Using Polling as Assessment
June 29, 2012
I see interesting potential in doing quick pre- and/or post- polling in information literacy and other library classes. With a pre-poll, you survey the students before you teach to understand what their preconceived notions are or what their search habits are. In a post-poll, you can see which concepts you covered well, and which still involve some confusion.
Additionally, students can also see from the group response that they are not alone: often, many students are coming from the same place of assumptions and misinformation.
Librarians can learn quickly which areas the students are struggling with, and what they are savvy with–after all, research has changed quite a bit in the past few years!
Polling programs seem to be all over the web, and are nothing new. However, here are some options I would like to explore for classroom use at some point:
- SurveyMonkey has been around awhile and is a good standby. Easy to use and well-known, it can be well-suited to a long-term project.
- PollCode allows you to embed into a webpage
- PollEverywhere allows for instantaneous feedback by using either the web or by text message
Even more important than doing the poll is constructing the poll correctly so that the questions really tell you what you want to know. You don’t want questions to lead the respondent or be confusing, and you don’t want to ask too much in one question. If you have ever seen the political polls where the question is something like: “Do you want to support education and our children?” then you know how questions can be quite leading (of course I want to support education AND children, but how that support is accomplished may be the real the question!)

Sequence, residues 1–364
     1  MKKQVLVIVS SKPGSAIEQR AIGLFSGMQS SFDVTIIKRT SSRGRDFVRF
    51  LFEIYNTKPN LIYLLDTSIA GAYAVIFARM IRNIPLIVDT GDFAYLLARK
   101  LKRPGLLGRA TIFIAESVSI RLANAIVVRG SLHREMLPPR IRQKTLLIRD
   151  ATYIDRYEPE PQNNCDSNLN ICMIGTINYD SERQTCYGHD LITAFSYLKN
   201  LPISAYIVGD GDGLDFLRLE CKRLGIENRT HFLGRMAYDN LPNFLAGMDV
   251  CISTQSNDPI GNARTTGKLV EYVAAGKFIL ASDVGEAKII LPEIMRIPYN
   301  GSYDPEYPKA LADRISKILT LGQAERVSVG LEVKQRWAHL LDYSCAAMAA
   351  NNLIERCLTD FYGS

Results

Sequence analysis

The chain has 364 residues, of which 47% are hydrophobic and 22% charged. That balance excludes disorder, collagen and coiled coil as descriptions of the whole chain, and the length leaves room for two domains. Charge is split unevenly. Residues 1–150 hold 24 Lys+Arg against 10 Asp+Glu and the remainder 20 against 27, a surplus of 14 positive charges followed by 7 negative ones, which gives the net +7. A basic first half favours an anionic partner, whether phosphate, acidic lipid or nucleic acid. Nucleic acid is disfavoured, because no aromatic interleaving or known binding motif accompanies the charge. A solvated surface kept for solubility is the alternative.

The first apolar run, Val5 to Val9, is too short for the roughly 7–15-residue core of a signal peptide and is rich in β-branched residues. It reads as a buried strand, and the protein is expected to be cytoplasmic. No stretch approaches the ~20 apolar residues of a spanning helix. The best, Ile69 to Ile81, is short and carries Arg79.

Twelve Tips for Using an Audience Response System lays out how to avoid some of the pitfalls that can damage your poll. I particularly like Tip #5, which is to make sure that you build time into the presentation for discussion. Sometimes this is where you realize that the question you meant to ask was actually interpreted differently by your audience. You can still learn from the responses, even if it wasn’t what you were thinking!
Engaging Students in the Age of Smartphones is also worth a read, and mentions some additional polling options.
Pre- and Post- surveys can have some of the same questions, or a combination of repeat and additional questions. For example, I would ask this both pre- and post- poll:
Where is the best place to find a full-text article?
b. Public library
c. College library
d. Magazine webpage
You may get different answers before and after your session (hopefully!) and that can show that the student learned something, or at least acknowledged that there may be better ways to find information than what they were using in the past.
With the post-poll, you will get the students’ personal opinion of what they feel helped the most. This can help to see which areas cause the most anxiety, and where you can further target your sessions:
Post-Poll: Which part of this library class session was most valuable to you?
a. Citation tools
b. Article databases
c. Web evaluation tips
d. Library catalog
Short and simple is the best when it comes to both the poll and the questions.
As librarians, we often have little time or opportunity toassess the effectiveness of our presentations to our students. Because the point of the session is to introduce several information possibilities to make the students’ research lives fuller and more effective, we tend to try to fit in as much as possible, never really finding out if the students really need what you are teaching. Maybe some students need more help with citation, or copyright, or how to ethically download images for use. Maybe they need to be introduced to just one type of database, or the website, so that time can be concentrated on other topics. Without assessing your outcome, you never know if you are really reaching the information need.